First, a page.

Leaders have introduced systems to support pupils with special educational needs and/or disabilities (SEND). They quickly identify what children need to thrive at school.

Children with SEND access the same ambitious curriculum as their peers. Staff sensitively provide close care and support. Nothing is left to chance.

Children with SEND achieve well.

Leaders provide children with opportunities that extend beyond the academic curriculum. They make careful choices about the visitors and trips that children experience.

Children speak knowledgeably about festivals in different world religions. For example, children readily recall making diva lamps to celebrate the festival of Diwali.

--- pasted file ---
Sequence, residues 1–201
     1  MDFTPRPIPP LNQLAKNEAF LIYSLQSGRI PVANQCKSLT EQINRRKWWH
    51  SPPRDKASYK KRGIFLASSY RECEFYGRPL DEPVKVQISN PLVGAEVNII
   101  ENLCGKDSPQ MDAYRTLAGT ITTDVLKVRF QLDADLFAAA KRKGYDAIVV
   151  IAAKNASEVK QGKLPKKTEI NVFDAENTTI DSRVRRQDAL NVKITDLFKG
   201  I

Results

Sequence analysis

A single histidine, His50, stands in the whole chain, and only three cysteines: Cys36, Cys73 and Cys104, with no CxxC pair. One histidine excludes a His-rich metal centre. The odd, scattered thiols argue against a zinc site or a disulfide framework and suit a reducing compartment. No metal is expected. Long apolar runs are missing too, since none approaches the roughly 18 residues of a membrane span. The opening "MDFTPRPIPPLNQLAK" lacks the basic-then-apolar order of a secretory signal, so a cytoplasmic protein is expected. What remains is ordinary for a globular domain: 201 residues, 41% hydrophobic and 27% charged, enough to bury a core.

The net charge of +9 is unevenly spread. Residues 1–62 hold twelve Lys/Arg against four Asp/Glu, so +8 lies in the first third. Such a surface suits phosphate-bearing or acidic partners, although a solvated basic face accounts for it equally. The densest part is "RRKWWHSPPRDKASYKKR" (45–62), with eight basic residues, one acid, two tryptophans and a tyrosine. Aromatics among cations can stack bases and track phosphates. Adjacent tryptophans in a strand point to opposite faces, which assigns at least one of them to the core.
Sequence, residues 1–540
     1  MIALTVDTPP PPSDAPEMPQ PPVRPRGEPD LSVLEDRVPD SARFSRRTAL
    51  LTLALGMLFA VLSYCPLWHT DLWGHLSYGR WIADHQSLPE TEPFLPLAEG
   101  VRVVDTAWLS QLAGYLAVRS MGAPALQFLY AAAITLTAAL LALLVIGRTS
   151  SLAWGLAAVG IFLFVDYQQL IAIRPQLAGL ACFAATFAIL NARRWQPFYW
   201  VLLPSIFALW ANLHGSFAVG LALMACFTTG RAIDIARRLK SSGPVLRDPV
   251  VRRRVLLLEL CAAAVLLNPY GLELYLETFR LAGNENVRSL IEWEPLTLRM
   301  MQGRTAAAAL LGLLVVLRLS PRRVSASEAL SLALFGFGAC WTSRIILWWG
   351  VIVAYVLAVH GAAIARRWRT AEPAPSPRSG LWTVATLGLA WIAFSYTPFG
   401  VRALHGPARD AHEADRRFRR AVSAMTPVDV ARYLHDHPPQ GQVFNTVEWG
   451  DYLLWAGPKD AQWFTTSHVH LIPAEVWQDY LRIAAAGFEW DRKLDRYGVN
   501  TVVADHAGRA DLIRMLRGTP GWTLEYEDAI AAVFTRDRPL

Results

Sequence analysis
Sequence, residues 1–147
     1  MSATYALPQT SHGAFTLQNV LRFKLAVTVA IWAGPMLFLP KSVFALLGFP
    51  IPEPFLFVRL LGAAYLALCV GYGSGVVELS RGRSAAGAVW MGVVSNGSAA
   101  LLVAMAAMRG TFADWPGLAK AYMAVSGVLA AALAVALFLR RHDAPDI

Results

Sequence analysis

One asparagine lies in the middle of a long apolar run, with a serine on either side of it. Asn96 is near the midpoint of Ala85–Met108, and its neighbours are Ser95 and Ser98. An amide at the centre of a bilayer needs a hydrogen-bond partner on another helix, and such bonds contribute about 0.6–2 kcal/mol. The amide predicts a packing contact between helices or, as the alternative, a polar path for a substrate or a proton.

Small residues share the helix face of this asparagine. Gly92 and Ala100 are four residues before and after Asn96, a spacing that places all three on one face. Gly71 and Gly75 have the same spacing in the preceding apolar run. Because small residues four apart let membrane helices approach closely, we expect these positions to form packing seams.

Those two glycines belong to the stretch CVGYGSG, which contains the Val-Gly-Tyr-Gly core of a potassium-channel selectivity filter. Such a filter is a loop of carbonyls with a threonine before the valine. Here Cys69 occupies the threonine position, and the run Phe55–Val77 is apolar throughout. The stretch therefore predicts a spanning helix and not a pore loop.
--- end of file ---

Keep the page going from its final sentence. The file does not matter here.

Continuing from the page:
Staff make sure that the learning environment is very engaging.

They establish routines from the moment children join the school. Established routines and nurturing relationships make for a settled learning environment. Children know what is expected of them.

They are a credit to the school.

Leaders work very well with staff. They consider staff's well-being and workload.

Staff are overwhelmingly positive about the leaders and the support they receive. Staff are proud to work at this school. Governors and representatives of the local authority know the school well.

They understand the school's strengths and collectively tackle areas of improvement.


The arrangements for safeguarding are effective.

There is a strong culture of safeguarding.

Leaders provide regular training for staff and governors. Staff know how to spot children who may be at risk. They pass on concerns promptly.

Leaders support children's welfare. They work well with external agencies to provide additional help when needed. Record-keeping is detailed.

Governors regularly check the school's safeguarding procedures.